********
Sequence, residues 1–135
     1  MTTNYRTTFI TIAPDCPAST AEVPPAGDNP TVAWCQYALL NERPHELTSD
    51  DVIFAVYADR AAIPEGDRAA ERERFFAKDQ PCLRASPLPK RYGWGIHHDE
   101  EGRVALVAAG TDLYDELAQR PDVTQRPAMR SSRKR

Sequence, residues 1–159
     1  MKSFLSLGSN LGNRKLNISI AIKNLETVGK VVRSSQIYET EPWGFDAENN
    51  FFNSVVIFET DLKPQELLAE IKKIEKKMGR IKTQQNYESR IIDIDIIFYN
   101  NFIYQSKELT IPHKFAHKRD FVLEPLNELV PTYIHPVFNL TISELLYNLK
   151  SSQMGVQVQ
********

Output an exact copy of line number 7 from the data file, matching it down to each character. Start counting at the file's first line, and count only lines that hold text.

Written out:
    51  FFNSVVIFET DLKPQELLAE IKKIEKKMGR IKTQQNYESR IIDIDIIFYN